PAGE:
ENH842 Native Wildflowers: Propagation and Container Production of 'Flora Sun' Beach Sunflower1 Jeffrey G. Norcini and James H. Aldrich2 1. This document is ENH842, one of a series of the Environmental Horticulture Department, Florida Cooperative Extension Service, Institute of Food and Agricultural Sciences, University of Florida. Original publication date August 31, 2001. Reviewed September 26, 2001. Visit the EDIS Web Site at http://edis.ifas.ufl.edu. 2. Associate Professor and Senior Biological Scientist, respectively. North Florida Research and Education Center, Quincy, FL 32351. The Institute of Food and Agricultural Sciences is an equal opportunity/affirmative action employer authorized to provide research, educational information and other services only to individuals and institutions that function without regard to race, color, sex, age, handicap, or national origin. For information on obtaining other extension publications, contact your county Cooperative Extension Service office. Florida Cooperative Extension Service/Institute of Food and Agricultural Sciences/University of Florida/Christine Taylor Waddill, Dean. Description 'Flora Sun' beach sunflower (Helianthus debilis ssp. debilis Nutt. 'Flora Sun') is a native, herbaceous perennial for full sun that is salt and drought tolerant. It was released by the U.S. Department of Agriculture, Natural Resources Conservation Service's Plant Materials Center in Brooksville, FL (1). This mounding groundcover is 1 to 3 ft tall and up to 5 ft wide, with plant size in the lower end of the range in drier, less fertile sites. It has deep green leaves with showy yellow flowers ~1 to 11/2 inches in diameter. Flowering is year round in South Florida, and from late spring through frost in North Florida. 'Flora Sun' beach sunflower is best adapted to the immediate Gulf Coast from Florida to Texas, and along the Atlantic coast as far north as the extreme southern coast of South Carolina (1). Further inland it should be treated as a tender perennial or an annual that may reseed, especially in nonmulched situations (1). 'Flora Sun' beach sunflower should not be used along much of the peninsular Gulf coast of Florida (especially from Pasco to Collier County) to avoid crossing with the endangered species Helianthus debilis Nutt. subsp. vestitus (E. Watson) Heiser (2). Figure 1. 'Flora Sun' Beach Sunflower Propagation 'Flora Sun' beach sunflower should be propagated by cuttings. Take 4-inch stem cuttings any time of the year, and remove all but the two terminal leaves. Cuttings should readily root without any rooting compounds* in 2 to 3 weeks under intermittent mist in a shaded (30% light exclusion) greenhouse. During warmer times of the year, we use a misting frequency of 9 sec/2.5 min, with cooling fans (fan/pad system) set to run at =90oF. A propagation heating mat may be necessary during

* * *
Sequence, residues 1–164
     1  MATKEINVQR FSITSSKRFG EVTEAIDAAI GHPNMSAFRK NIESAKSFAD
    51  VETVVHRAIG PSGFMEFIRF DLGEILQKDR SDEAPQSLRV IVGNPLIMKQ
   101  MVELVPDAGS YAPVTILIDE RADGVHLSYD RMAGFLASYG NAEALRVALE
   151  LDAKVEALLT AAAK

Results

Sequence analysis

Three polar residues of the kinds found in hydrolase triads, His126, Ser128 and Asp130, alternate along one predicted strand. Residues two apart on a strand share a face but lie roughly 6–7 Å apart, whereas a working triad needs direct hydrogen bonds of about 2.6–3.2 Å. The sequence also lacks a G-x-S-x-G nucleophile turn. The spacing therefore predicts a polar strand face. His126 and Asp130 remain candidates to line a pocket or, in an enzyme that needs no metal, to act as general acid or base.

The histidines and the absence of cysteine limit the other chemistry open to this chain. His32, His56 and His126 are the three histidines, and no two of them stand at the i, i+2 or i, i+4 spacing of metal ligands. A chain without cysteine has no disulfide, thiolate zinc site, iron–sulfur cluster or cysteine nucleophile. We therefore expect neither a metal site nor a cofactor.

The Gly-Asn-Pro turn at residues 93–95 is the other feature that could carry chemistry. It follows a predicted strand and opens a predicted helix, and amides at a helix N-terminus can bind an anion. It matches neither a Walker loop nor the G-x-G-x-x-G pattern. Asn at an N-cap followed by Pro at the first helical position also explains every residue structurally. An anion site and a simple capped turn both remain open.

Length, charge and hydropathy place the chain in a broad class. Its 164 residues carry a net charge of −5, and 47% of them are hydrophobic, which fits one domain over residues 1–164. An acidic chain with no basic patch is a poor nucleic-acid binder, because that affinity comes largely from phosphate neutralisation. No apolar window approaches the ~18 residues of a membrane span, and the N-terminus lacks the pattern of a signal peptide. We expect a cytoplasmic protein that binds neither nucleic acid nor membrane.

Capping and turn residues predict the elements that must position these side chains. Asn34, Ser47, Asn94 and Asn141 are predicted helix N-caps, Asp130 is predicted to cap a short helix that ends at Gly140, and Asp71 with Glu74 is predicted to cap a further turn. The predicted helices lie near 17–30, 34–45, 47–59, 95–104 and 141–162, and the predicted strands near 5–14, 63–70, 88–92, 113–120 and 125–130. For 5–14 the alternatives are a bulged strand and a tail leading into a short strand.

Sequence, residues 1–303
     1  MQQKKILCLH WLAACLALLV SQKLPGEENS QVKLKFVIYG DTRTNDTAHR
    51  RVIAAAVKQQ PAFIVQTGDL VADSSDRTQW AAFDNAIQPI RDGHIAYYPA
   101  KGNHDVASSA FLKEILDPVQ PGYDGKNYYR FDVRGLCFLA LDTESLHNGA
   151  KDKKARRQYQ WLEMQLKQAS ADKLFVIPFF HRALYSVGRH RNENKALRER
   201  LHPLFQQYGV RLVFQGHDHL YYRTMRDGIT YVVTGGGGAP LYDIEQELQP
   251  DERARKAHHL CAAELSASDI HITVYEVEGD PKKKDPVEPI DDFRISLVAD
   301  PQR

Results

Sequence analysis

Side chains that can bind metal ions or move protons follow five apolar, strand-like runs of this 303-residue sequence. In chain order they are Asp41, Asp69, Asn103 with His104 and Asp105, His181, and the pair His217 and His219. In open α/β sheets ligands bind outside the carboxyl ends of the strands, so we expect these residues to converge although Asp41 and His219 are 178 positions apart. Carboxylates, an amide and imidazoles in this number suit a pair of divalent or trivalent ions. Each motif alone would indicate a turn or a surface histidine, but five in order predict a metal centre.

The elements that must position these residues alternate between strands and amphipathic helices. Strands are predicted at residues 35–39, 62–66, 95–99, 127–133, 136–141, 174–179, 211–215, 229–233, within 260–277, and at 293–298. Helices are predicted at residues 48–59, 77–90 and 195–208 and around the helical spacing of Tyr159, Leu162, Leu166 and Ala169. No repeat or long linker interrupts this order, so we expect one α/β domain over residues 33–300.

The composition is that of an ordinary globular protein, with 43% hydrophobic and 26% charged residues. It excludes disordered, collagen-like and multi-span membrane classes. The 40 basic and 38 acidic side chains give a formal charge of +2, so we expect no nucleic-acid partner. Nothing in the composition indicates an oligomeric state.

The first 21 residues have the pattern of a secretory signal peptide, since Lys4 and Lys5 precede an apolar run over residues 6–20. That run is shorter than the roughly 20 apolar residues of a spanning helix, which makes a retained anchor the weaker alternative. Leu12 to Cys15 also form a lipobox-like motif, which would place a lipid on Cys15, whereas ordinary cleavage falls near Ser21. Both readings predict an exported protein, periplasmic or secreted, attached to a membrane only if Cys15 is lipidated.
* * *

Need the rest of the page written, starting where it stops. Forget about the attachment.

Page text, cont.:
Native Wildflowers: Propagation and Container Production of 'Flora Sun' Beach Sunflower 2 cooler times of the year to maintain rooting medium temperature at 70oF. Seed propagation is not recommended because 'Flora Sun' beach sunflower could hybridize with other sunflowers, resulting in seed-propagated plants with characteristics unlike those of 'Flora Sun'. Container Production Transplant rooted liners into 1-gal pots containing a well-drained, soilless nursery mix such as pine bark:Canadian sphagnum peat:sand (3:1:1; by vol.) amended with controlled release fertilizer (medium rate) and micronutrients. Potted liners should be acclimatized under 30 to 40% shade for 2 weeks before moving to full sun. Plants should be approximately 6 inches tall and 1 ft wide about 5 to 6 weeks after liners are transplanted into 1-gal containers. Pests The only significant insect or disease pests that have been noted under our propagation and growing conditions have been whitefly (greenhouse only) and leaf spot (Pseudomonis syringae). Insecticidal soap can be used to suppress whitefly infestations. Leaf spot, which primarily affects older leaves, tends to occur only when media fertilizer levels are low. Weeds should be controlled manually since no herbicides are specifically labeled for use on 'Flora Sun' beach sunflower. Availability Breeder material of 'Flora Sun' beach sunflower is currently being maintained by the U.S. Department of Agriculture, Natural Resources Conservation Service Plant Materials Center, Brooksville, FL. _______________ While a quick dip (3 sec) of up to 2000 ppm K-IBA improved rooting, we have noted that the ultimate survival of plants after rooting and container growth was 83% for nontreated cuttings and 57% for cuttings treated with K-IBA. References 1. Anonymous. 1994. 'Flora Sun' beach sunflower. U. S. Dept. Agric. Soil Conserv. Serv., Brooksville, FL. 2. Barnett, M.R. and D. Crewz, eds. 1992. Helianthus debilis Nutt.; dune sunflower, beach sunflower. Fla. Agr. Expt. Sta. SGEF-28, Gainesville, FL.